Tom Briscoe’s record five tries illuminated Wembley’s most one-sided final as Leeds showed why they should win everything this season.
The England international’s clinical finishing was only the highlight of an overpowering display by the holders. “It’s pretty incredible,” he said. “I didn’t even know about the record until someone came up to me after the match.”
If it was a triumph for the Rhinos’ wingman, however, it was an unmitigated nightmare for Rovers’ Kieran Dixon, who was exposed in the way that only a full-back can be in a Challenge Cup final.
His blunders helped Leeds to Wembley’s biggest winning margin, beating the 36 by which they beat the London Broncos in 1999. Leroy Rivett’s four tries that day were the previous record that was swept away by Briscoe.
Rovers’ coach, Chris Chester, refused to blame the unfortunate Dixon for his side’s collapse. “It’s a team sport, and we weren’t good enough from one to 13,” he said. “Kieran Dixon has been very good this season.”
Chester had answered the questions about the composition of his team by naming Albert Kelly at scrum-half, despite what was described at the time as a season-ending knee injury three weeks ago, and preferring the mercurial Londoner, Dixon, to Ben Cockayne. It was a decision that was to come back to bite him.
It was also a bitter blow to one of the most whole-hearted players in the game, but that and many other minor disasters were set in context by the sight and sound of Lizzie Jones, the widow of Danny Jones, who died playing for Keighley this year, singing “Abide With Me”.
Wembley has always been associated with acts of heroism, another facet of which was displayed by the unveiling yesterday of a statue of five of the Cup final’s “greats” within a long drop-kick of the likeness of Bobby Moore that graces the stadium’s concourse.
The Robins’ early tactics were quite clear as Kelly, his right knee heavily strapped, put in a series of low kicks designed to deny Leeds’ full-back, Zak Hardaker, the chance to run on to them.
That worked well enough within its own modest ambitions; unfortunately, down at the other end of the pitch, Rovers’ defence did not. It leaked 16 points in 12 minutes to kill the game as a contest before it had properly begun. Jamie Peacock, in his last Cup final, was the first to find a weakness. Kevin Larroyer managed to strip the ball from him as he crossed the try-line, only for it to fall conveniently for Brett Delaney to touch down.
If that was a scrappy try, the next two showed the Rhinos at their best. Peacock and Joel Moon made the running to set up Danny McGuire for a try with which to celebrate his 400th game for his only club.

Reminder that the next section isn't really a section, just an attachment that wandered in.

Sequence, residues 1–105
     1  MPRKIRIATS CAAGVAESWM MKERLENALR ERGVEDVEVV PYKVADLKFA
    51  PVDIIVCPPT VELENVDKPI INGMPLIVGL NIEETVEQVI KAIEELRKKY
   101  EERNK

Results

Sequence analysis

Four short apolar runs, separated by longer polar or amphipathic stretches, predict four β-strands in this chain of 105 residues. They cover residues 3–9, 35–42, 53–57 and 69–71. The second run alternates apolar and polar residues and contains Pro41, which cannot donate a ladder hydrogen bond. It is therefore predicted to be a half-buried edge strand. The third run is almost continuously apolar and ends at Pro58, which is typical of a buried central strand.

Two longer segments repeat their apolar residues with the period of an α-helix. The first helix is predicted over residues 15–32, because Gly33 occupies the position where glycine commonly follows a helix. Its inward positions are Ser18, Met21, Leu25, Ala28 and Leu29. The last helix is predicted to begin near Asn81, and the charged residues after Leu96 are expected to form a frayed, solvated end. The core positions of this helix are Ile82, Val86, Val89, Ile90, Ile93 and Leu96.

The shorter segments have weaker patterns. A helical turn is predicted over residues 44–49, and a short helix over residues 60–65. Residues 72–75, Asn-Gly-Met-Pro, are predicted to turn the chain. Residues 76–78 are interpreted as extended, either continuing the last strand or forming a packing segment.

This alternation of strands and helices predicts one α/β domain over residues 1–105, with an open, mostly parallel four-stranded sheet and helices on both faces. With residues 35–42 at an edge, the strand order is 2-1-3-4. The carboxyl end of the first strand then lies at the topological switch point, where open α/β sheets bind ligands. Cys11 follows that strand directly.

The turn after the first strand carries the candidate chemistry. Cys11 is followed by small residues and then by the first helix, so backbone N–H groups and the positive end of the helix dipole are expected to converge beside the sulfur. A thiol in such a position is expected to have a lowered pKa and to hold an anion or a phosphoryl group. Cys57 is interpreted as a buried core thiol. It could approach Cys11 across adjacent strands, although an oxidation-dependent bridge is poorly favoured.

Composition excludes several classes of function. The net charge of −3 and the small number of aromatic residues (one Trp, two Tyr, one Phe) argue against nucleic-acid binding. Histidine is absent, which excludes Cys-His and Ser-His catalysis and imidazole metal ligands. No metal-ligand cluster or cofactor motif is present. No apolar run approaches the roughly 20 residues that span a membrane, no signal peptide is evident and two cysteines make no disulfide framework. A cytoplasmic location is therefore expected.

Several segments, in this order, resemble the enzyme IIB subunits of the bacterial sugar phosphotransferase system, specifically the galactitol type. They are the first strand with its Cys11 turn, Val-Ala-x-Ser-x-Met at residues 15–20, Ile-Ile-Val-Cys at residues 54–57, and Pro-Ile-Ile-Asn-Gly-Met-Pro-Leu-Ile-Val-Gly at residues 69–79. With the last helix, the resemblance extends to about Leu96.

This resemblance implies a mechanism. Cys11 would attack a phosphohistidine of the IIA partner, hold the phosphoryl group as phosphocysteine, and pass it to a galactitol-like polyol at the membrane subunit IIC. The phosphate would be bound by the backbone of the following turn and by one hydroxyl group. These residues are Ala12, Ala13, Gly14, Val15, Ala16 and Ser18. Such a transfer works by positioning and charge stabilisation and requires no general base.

Then Ryan Hall and Carl Ablett put Leeds on the attack yet again, and Kallum Watkins’ clever pass and Briscoe’s angled run from the touchline added to the damage.
Kevin Sinfield (left), the other Leeds colossus bidding farewell to Wembley, hit the post with his conversion attempt, having landed the previous two.
Rovers were visibly rocked and, although the Rhinos quietened down a little for the rest of the half, their opponents could do nothing to get back into the match.
The closest they came was an instinctive little run and kick from Dixon just before the interval, but, in truth, like their performance throughout, in the end it amounted to precious little.
Brian McDermott, Leeds’ head coach, admitted to criticising his men at half-time for being too conservative with the ball. They were soon to put that right.
Two errors from Dixon got the Robins’ second half off to a predictably shaky start, with the onset of rain clearly playing a part, but the next try they conceded was a cruel one. Maurice Blair put up a high kick, Briscoe plucked it out of the air and went 90 metres for his second try. No legislating for that.
The same could not be said for a routine dummy-half pass from Rob Burrow that put Brad Singleton over. It was now getting embarrassing, not just for half of Humberside but also for the whole of a sport that likes to put on a show at Wembley.
The record winning margin in a final was beckoning when Briscoe went in for his third, thanks to a lovely ball supplied by Watkins. One equally good from the same source sent Burrow away for a try that had looked inevitable from the moment he had come into the game.
Briscoe’s fourth featured more high-calibre build-up play from the gifted Watkins, before the wretched Dixon dropped yet another ball and Briscoe claimed his fifth. When the final hooter sounded it was a merciful release for a totally outclassed team.
Leeds: Hardaker; Briscoe, Watkins, Moon, Hall; Sinfield, McGuire; Garbett, Cuthbertson, Peacock, Ward, Ablett, Delaney.
Replacements: Burrow, Singleton, Achurch, Leuluai.
Hull KR: Dixon; Mantellato, Salter, Welham, Sio; Blair, Kelly; Walker, Lunt, Puletua, Larroyer, Horne, McCarthy
Replacements: Boudebza, Donaldson, Tilse, Allgood.
Referee: Ben Thaler.Reuse content